The discovery of a long sought-after particle known as the Higgs boson — which has been nicknamed “the God Particle” because physicists theorize it is the missing piece to understanding how all matter in the universe has mass — could be announced Wednesday, July 4.
The European Organization for Nuclear Research (CERN), the international scientific agency in charge of the world’s largest and most powerful particle accelerator, the Large Hadron Collider, on Friday sent out a press release confirming it would reveal the results of its latest high-energy proton beam collision experiments at a conference in Melbourne, Australia, taking place between July 4 and July 11.
The results, which have been eagerly awaited by the physics community around the globe and other science buffs, are expected to help shed light on CERN’s late 2011 findings, which helped narrow down the range of energies in which Higgs was likely to be detected, below 124 GeV.
“We now have more than double the data we had last year,” said CERN Director for Research and Computing, Sergio Bertolucci, in a statement. “That should be enough to see whether the trends we were seeing in the 2011 data are still there, or whether they’ve gone away. It’s a very exciting time.”
To be clear, there are no solid indications yet of precisely what CERN has seen in this round of data collection. Nonetheless, a few physics bloggers and the mainstream media have for the past few weeks been excitedly passing around rumors that the agency has indeed discovered Higgs among the remnants of its proton beam collisions.
As CERN’s release explained:
If and when a new particle is discovered, ATLAS and CMS will need time to ascertain whether it is the long sought Higgs boson, the last missing ingredient of the Standard Model of particle physics, or whether it is a more exotic form of the boson that could open the door to new physics.
“It’s a bit like spotting a familiar face from afar,” said CERN Director General Rolf Heuer, “sometimes you need closer inspection to find out whether it’s really your best friend, or actually your best friend’s twin.”
But CERN could have also seen something much less conclusive. In fact, it is likely that the recent observations have only helped further narrow the energy range in which the missing “god particle” might exist.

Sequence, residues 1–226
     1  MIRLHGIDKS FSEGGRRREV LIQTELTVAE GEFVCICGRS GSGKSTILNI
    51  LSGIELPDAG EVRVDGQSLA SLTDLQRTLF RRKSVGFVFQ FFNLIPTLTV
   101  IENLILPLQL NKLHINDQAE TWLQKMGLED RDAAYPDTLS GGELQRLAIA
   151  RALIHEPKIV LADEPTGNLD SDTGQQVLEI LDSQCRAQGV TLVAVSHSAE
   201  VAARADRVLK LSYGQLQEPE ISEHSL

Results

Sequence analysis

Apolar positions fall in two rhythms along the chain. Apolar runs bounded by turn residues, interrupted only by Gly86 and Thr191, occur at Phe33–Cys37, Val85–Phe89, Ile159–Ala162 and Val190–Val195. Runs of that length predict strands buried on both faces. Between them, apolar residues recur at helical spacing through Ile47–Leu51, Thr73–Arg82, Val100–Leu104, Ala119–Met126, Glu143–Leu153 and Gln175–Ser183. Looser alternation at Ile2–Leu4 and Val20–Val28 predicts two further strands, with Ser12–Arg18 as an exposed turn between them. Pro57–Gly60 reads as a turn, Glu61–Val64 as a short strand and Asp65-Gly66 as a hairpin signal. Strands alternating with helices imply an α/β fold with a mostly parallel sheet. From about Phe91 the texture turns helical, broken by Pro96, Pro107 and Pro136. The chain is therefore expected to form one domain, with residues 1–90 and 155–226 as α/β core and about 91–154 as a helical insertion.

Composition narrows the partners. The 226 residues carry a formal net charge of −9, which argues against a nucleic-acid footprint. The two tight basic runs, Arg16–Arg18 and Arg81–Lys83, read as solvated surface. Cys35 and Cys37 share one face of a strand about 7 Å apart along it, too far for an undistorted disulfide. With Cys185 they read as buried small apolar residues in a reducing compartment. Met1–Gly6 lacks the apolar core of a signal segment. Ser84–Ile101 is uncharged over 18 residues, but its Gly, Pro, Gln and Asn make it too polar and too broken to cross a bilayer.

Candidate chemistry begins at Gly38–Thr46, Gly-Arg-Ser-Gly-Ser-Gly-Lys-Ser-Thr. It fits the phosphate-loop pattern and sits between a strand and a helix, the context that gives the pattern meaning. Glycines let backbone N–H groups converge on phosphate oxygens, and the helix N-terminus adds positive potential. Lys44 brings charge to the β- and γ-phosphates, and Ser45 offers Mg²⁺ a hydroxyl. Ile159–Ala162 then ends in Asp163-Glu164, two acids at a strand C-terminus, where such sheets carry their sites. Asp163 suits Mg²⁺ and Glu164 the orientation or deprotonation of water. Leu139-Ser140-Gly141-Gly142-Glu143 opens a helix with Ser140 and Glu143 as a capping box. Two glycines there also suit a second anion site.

Or, in the most shocking case of all, the data could indicate that the 2011 results were merely the result of random chance and not statistically significant enough to narrow the range whatsoever.
If the Higgs particle isn’t precisely located in this round of data, it will mean that scientists will have to look for a different type of particle than they thought in order to confirm their most-widely agreed upon theory of how matter has mass, known as the Standard Model.
If no such alternative Higgs particle can be found, scientists may have to look to other, less generally accepted theories behind the mass in the universe, such as theories of Technicolor Physics, which broadly suggest that quarks — fundamental building blocks of atoms — come in more types than previously thought.
In any case, CERN’s upcoming announcement has spurred debate about whether the organization’s controlled approach to releasing the data is too secretive, and whether or not apparent “leaks” are legitimized as a result.
One scientist working on the Large Hadron Collider, hit back at the idea, promoted by The New York Times, that the results were being guarded. As researcher Seth Zenz wrote on the blog Quantum Diaries: “There’s nothing to keep secret about our Higgs boson search, because we’re simply not done.”
CERN’s new round of data — which has been collected by two separate enormous detector instruments called ATLAS and CMS, both situated along the 17-mile-around underground ring that is the Large Hadron Collider, itself located near Geneva, Switzerland — was this time the result of even higher energy collisions than ever before, 8 teraelectron volts, each near light speed beam enough to kill a person if they were to hypothetically put their hand in the way of the beam (CERN says this is almost impossible due to the safety measures in place).
The Large Hadron Collider, nicknamed the “Big Bang Machine” because it is designed to simulate the conditions of the early universe, slams the two beams together over and over again, producing short-lived particle debris. It’s in these debris that scientists are looking to catch a glimpse of the Higgs.